Here is a simple approach:
Say your starting vertex is A. First, find the biconnected component containing A. Biconnectivity means that there is no single vertex whose removal would disconnect the graph. But a consequence of this condition is what we're really looking for:
Two vertices are in the same biconnected component if and only if there is a cycle in the graph that visits both.
Now that you have A's biconnected component, there are a few cases:
- The component contains just the single vertex A. This means A has 0 or 1 friends, and a cycle of your definition is not possible.
- The component has more than just A, but A is immediate friends with everyone in the component. Then all of A's non-immediate friends are outside of this component and therefore do not share a common cycle with A. This means that there is no cycle of your definition (you insist that the cycle visit a non-immediate-friend of A).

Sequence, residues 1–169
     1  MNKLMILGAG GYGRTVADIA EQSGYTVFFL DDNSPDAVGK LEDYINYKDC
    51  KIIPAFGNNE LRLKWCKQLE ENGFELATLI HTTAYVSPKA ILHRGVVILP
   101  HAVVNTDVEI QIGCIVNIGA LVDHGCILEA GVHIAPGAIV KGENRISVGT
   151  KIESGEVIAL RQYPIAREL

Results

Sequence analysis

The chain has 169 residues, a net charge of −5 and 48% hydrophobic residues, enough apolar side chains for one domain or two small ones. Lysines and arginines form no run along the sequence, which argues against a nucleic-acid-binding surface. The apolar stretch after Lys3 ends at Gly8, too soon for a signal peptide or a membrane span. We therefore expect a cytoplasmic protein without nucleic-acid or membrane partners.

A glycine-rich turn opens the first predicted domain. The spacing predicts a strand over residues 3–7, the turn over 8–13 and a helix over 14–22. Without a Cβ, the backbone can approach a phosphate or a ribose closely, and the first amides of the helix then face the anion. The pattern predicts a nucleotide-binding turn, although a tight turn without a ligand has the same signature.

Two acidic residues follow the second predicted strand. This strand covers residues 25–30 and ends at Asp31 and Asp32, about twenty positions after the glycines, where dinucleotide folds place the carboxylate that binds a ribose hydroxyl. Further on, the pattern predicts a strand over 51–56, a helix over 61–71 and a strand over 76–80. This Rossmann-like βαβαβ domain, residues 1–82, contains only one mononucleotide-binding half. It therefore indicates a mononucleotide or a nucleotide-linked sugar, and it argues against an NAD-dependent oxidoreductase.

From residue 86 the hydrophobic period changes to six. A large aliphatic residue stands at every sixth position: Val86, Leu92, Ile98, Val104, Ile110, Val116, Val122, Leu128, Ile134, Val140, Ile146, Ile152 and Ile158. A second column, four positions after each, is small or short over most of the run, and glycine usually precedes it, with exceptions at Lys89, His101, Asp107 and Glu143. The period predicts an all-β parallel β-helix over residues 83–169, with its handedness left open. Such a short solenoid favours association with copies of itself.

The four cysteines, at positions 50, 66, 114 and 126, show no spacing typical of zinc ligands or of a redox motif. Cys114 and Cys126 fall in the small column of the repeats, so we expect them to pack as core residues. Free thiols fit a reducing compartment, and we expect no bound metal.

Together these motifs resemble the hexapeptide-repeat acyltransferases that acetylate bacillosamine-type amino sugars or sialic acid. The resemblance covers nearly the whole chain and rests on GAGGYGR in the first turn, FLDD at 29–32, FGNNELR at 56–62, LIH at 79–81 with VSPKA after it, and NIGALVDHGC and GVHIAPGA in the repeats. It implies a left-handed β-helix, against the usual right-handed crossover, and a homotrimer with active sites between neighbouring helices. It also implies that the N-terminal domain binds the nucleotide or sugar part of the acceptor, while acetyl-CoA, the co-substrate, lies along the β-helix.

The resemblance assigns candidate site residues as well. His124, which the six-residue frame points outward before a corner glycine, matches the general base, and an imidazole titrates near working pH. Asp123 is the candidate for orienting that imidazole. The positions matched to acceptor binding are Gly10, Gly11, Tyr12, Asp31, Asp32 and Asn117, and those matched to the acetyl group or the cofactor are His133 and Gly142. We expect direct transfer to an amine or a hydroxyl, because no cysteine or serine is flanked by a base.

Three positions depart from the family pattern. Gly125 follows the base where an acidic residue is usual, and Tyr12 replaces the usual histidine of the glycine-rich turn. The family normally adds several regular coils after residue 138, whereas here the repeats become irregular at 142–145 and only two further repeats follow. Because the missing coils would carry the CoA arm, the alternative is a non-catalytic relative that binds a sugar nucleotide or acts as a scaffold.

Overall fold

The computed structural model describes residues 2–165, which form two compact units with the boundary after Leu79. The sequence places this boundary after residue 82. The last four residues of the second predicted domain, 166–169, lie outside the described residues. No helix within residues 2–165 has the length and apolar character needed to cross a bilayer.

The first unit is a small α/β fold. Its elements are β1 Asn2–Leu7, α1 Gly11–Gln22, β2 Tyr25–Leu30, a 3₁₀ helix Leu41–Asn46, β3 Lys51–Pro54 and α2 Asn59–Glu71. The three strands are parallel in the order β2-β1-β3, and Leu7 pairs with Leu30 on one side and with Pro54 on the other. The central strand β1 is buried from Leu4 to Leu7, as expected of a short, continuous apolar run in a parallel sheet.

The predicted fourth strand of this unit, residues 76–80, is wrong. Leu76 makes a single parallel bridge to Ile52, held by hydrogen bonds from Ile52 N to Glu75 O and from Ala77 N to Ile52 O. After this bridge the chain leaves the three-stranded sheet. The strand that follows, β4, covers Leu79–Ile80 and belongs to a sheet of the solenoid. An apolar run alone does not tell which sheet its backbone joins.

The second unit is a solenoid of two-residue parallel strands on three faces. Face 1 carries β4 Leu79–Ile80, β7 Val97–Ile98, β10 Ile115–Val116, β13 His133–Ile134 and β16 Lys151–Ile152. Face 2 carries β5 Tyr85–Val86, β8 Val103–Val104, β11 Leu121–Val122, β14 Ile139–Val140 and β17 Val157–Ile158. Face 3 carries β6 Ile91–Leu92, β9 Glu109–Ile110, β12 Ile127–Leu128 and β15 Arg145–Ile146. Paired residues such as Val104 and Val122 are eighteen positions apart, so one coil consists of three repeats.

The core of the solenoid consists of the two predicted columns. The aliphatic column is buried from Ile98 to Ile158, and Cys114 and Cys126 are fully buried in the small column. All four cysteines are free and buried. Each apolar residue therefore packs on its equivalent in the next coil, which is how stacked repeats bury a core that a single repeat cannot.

- Otherwise, there is a non-immediate friend of A within the component, say B. By the definition of biconnectivity, there is a cycle that visits both A and B. You can find it by any sort of search (breadth-first or depth-first) from A. Just find two vertex disjoint paths from A to B. You can restrict your search to within this biconnected component for efficiency (the cycle connecting the two vertices must stay within the biconnected component).
Sorry this is at such a high level with no code ;), but I think you should have no problem, if you were already considering implementing A* search on your own. Check out Graph.pm, it has a method for computing biconnected components, and that will be the main step in this algorithm.
Now, if you are interested in finding the smallest such cycle, I'm not sure exactly how to do it. You might want to find the non-immediate-friend of A who is closest to A, and use him as the basis of your cycle. But I don't think this is guaranteed to give the shortest cycle overall. But it would at least be a reasonable heuristic.
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